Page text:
In Jones v. Brown, 13 Cal.App.3d 513, 517, 89 Cal.Rptr. 651, 652, the plaintiff on May 24, 1967, as stated by the court:
‘. . . filed an application for the adjudication of her claim for compensation benefits with the Board, naming defendant husband and his compensation insurance carrier as defendants. An award was made in plaintiff's favor on September 26, 1967 for temporary disability and medical treatment. Thereafter, and on November 22, 1967, the instant action was filed. While this action was pending plaintiff filed an application with the Board for a permanent disability rating, the hearing thereon being held on September 19, 1968.’
Thereafter the defendant moved for summary judgment. The judgment entered pursuant to that motion was affirmed on appeal. The decision mentioned also that the determination of compensability by the board had become Res judicata.
Again, in Busick v. Workmen's Comp. Appeals Bd., 7 Cal.3d 967, 104 Cal.Rptr. 42, 500 P.2d 1386, the plaintiff in a superior court action pursued her action to a judgment which became Res judicata in her earlier-filed proceeding before WCAB in which no final determination had been made of the subject matter jurisdictional question. In that decision the court said, at page 976, 104 Cal.Rptr. at p. 49, 500 P.2d at p. 1393:
‘A party may obtain an order preventing the second tribunal from acting pending determination by the first tribunal of the jurisdictional question. But the court need not on its own motion await the first tribunal's action.’
Adopting the rationale and historical perspective of Scott, we find other rules long and widely recognized as governing tribunals whose jurisdiction is generally concurrent. Such other rules in the varying factual circumstances may likewise be applied in cases where the concurrent jurisdiction is only to determine the facts upon which exclusive subject matter jurisdiction may depend, all without offense to the rule of Scott and Taylor.1
One of those principles is that the court where jurisdiction first attaches may yield it, and that it is the right of the court to insist upon or waive its jurisdiction. (Beavers v. Haubert, 198 U.S. 77, 25 S.Ct. 573, 575, 49 L.Ed. 950.)
Browne v. Superior Court, 16 Cal.2d 593, 597, 107 P.2d 1, 3, refers to the familiar proposition:
‘(W)here several courts have concurrent jurisdiction over a certain type of proceeding, the first one to assume and exercise such jurisdiction in a particular case acquires an exclusive jurisdiction. Thereafter another court, though it might originally have taken jurisdiction, is wholly without power to interfere . . ..'2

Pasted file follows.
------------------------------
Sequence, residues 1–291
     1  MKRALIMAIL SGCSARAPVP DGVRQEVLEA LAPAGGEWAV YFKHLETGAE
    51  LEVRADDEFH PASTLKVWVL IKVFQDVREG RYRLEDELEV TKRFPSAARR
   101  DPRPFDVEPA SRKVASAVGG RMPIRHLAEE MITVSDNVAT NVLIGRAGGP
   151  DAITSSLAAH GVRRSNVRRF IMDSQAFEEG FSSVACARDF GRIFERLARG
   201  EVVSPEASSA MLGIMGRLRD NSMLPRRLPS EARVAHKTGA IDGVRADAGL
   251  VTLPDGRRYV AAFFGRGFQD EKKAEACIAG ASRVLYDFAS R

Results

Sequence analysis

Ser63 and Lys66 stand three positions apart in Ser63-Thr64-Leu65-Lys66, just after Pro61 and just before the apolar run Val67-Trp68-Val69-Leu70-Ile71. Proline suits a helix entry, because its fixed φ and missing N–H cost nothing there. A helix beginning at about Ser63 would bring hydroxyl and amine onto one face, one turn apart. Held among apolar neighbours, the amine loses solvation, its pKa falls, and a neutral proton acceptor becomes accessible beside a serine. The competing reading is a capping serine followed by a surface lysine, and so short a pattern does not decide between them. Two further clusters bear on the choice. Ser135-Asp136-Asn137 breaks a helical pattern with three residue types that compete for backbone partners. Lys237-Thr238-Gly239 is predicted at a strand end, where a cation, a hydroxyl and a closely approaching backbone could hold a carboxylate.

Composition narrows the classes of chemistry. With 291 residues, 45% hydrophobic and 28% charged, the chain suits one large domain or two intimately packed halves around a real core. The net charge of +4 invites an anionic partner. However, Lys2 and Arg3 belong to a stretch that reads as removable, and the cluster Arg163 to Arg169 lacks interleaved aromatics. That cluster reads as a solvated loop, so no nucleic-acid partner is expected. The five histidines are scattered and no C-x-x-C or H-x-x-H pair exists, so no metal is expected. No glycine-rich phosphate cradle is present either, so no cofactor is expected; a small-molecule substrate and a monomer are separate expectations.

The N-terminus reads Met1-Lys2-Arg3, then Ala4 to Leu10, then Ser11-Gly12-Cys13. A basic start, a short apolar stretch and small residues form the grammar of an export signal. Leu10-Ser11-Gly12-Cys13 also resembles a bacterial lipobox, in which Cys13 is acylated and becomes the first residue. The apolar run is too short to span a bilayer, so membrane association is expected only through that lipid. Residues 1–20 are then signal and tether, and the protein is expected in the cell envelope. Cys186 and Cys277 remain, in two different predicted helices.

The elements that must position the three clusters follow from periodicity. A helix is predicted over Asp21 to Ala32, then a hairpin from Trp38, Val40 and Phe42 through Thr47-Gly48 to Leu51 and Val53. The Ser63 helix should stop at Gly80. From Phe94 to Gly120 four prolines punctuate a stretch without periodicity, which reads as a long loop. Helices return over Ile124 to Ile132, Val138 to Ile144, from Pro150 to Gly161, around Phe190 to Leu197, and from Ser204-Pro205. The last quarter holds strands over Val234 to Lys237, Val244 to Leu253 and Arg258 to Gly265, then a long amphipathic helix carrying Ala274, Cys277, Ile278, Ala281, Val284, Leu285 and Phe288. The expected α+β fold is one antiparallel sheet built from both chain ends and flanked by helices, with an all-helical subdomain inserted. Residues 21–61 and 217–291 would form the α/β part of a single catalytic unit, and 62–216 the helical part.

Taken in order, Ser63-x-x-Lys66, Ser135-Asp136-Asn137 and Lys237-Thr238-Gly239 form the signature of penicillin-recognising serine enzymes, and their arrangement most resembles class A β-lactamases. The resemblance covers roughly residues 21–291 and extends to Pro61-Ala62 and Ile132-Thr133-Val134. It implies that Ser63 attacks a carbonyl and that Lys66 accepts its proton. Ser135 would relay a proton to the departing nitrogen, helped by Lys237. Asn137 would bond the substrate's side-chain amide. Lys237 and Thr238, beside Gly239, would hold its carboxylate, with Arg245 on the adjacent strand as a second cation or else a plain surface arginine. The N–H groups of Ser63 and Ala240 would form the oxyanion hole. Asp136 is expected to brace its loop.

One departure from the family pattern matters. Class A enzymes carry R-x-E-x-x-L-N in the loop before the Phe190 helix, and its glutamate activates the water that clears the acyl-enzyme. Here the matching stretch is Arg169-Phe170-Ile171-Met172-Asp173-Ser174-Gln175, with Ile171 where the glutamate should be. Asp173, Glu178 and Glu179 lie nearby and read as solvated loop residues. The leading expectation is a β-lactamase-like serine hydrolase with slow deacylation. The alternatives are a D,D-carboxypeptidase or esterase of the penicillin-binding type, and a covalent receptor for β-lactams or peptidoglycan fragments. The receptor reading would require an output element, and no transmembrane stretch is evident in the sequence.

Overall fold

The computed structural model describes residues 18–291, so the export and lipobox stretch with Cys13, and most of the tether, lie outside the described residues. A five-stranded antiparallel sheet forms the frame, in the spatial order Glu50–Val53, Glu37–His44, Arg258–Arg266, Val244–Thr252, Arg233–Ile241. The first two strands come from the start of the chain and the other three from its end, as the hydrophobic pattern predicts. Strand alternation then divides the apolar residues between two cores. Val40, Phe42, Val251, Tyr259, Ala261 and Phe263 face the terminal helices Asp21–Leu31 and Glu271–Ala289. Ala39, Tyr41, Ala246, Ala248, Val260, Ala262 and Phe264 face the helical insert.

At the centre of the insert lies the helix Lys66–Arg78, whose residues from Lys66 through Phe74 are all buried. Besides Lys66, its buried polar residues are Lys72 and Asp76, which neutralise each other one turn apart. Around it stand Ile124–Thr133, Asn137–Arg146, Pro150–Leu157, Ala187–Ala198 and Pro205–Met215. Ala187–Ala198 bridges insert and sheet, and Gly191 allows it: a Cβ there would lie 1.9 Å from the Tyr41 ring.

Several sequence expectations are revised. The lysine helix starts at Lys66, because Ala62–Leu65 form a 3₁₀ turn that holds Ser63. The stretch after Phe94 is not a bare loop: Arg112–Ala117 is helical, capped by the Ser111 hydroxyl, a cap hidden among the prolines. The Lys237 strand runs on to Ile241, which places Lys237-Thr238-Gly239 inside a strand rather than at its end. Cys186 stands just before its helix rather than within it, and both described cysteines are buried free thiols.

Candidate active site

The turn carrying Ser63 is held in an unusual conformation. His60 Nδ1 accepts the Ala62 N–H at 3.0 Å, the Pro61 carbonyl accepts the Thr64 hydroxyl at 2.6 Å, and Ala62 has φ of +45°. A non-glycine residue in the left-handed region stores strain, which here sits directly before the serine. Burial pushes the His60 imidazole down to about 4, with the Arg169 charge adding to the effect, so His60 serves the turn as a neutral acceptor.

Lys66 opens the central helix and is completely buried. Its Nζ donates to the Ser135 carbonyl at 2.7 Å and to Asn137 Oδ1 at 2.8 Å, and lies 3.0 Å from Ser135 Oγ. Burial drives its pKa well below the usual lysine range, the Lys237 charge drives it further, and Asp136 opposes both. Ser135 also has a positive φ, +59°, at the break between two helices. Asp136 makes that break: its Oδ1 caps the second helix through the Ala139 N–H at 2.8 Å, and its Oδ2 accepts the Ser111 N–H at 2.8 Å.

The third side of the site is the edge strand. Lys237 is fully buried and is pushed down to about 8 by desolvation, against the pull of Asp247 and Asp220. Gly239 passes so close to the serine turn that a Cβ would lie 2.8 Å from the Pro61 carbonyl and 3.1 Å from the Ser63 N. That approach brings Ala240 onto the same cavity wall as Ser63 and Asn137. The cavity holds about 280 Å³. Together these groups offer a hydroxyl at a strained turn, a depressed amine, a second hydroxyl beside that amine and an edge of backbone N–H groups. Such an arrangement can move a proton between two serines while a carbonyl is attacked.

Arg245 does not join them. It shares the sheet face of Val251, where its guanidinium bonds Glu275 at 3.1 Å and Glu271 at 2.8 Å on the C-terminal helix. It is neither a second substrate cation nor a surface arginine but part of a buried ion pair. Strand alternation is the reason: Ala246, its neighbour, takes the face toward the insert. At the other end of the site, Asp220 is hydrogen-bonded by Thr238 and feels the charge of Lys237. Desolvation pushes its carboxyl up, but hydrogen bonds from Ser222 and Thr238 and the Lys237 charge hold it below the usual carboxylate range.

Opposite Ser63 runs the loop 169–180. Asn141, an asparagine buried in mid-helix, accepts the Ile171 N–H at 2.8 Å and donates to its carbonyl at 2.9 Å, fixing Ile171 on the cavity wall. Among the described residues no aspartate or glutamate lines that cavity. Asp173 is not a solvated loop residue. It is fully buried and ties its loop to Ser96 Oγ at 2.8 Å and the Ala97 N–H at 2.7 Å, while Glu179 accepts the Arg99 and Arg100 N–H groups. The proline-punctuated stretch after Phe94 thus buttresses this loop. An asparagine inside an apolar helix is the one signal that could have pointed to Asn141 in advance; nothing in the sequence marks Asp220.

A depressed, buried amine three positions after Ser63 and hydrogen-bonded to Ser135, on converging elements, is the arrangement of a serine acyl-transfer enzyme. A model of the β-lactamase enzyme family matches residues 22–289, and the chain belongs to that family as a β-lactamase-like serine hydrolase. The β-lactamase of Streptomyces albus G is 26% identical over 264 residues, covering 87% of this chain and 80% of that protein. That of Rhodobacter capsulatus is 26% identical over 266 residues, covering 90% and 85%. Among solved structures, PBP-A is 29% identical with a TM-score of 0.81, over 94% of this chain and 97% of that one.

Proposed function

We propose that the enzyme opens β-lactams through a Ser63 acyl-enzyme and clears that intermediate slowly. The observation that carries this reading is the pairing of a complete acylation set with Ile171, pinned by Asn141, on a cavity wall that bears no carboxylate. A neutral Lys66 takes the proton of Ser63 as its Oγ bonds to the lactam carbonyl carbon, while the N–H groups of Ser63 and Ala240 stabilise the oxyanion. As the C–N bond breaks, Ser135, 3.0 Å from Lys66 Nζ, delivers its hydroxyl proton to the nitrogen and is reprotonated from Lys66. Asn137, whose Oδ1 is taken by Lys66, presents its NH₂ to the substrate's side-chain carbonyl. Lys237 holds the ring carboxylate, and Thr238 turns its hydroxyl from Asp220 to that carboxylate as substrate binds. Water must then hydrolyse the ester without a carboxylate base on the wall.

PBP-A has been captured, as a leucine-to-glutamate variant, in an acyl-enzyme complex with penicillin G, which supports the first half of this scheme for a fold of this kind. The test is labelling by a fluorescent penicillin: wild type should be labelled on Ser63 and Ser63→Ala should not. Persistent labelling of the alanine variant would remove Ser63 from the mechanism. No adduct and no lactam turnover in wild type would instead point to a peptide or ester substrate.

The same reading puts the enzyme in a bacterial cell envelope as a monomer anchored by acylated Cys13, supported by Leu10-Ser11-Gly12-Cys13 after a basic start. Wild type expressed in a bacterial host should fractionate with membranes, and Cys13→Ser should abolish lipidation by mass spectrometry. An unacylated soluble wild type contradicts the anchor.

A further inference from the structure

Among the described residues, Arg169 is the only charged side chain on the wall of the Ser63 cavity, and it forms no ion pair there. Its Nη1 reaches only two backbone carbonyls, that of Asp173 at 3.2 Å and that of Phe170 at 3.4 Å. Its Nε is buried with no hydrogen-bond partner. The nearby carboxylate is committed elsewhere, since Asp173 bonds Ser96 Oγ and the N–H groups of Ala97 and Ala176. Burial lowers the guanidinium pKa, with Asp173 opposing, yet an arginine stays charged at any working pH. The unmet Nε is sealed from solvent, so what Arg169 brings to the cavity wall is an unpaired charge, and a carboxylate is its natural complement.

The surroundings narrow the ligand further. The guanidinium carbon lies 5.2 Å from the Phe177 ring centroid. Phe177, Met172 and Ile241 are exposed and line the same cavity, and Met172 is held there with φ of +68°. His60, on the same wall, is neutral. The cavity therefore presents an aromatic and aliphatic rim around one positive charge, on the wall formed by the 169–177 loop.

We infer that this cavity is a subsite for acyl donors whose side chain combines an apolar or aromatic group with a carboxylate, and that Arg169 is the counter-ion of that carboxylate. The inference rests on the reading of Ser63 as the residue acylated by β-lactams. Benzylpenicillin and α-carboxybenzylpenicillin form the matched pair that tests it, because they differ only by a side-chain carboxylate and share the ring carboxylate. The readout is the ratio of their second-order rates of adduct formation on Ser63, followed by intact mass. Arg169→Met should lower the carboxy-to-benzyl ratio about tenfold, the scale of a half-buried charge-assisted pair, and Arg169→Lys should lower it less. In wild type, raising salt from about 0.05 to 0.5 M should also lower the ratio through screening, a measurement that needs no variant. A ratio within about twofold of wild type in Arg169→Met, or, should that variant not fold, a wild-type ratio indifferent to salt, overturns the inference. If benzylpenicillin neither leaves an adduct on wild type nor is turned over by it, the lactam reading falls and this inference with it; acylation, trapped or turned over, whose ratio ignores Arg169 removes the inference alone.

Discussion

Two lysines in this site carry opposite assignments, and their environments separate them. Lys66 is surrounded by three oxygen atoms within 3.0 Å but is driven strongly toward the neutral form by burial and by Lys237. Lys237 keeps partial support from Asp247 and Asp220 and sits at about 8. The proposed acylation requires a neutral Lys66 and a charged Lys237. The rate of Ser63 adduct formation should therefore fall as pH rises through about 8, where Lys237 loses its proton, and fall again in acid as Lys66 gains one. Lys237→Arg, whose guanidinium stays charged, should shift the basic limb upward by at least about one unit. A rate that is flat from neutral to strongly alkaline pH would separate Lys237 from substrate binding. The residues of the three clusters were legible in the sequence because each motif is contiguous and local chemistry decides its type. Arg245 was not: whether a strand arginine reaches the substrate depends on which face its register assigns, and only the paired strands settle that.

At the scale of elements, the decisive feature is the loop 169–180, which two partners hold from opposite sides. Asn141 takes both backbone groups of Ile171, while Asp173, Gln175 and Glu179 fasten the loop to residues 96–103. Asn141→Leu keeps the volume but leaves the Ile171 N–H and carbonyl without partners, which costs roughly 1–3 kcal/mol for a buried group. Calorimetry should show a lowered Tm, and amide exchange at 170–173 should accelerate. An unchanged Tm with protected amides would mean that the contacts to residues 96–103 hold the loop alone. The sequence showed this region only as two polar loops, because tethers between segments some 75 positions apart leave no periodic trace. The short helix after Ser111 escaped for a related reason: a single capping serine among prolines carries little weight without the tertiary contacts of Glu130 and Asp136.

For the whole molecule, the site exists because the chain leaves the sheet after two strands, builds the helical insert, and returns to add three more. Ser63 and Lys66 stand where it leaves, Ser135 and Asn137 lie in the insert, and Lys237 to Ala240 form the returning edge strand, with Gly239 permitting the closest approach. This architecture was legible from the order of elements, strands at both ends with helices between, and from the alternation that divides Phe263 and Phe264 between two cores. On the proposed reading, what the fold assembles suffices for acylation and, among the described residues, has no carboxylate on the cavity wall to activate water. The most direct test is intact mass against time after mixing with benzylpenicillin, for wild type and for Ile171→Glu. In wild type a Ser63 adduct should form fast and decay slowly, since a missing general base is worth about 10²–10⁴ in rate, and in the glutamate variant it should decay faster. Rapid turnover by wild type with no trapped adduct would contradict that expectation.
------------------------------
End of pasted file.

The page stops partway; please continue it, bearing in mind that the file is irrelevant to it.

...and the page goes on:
A court in its discretion may refuse to exercise jurisdiction where another court with concurrent jurisdiction has undertaken to exercise jurisdiction over the same subject matter. (Blue v. Mathena, D.C., 259 F.Supp. 926, 928.)
That principle found expression in DeBrincat v. Mogan, 1 Cal.App.2d 7, 36 P.2d 245, where the superior court in San Mateo County was the court which first obtained jurisdiction of all parties, but stayed its own proceedings, while the superior court in San Francisco proceeded with an action there involving the same subject matter. The reviewing court stated, at pages 10 and 11, 36 P.2d at p. 246:
‘(I)n actions of this character the court in which process is first served has jurisdiction over the whole litigation and has full power to require the parties to come into that court for a complete adjudication of the controversy.
‘. . . (T)hough the court in San Mateo County had full power to assume jurisdiction over the whole controversy, we cannot say that, under the circumstances here shown, it abused its discretion in refusing to do so. Conversely, until full jurisdiction was assumed by the San Mateo court, the San Francisco court had jurisdiction to proceed with the trial.'3
A definition of full jurisdiction is found in General Inv. Co. v. New York Cent. R. Co., 271 U.S. 228, 230, 46 S.Ct. 496, 497, 70 L.Ed. 920, 921:
‘By jurisdiction we mean power to entertain the suit, consider the merits and render a binding decision thereon; and by merits we mean the various elements which enter into or qualify the plaintiff's right to the relief sought.’
Jurisdiction is the power to hear and determine a cause. (Sherer v. Superior Court, 96 Cal. 653, 654, 31 P. 565; Altschul v. Polack, 55 Cal. 663, 641; Dahlgren v. Superior Court, 8 Cal.App. 622, 626.)
Full jurisdiction is like a storage battery of great capacity, which does not act until a switch has been turned.
As stated in Sale v. Railroad Commission, 15 Cal.2d 612, 617, 104 P.2d 38, 41:
‘A court is a passive forum for adjusting disputes, and has no power either to investigate facts or to initiate proceedings. Litigants themselves largely determine the scope of the inquiry and the data upon which the judicial judgment is based.’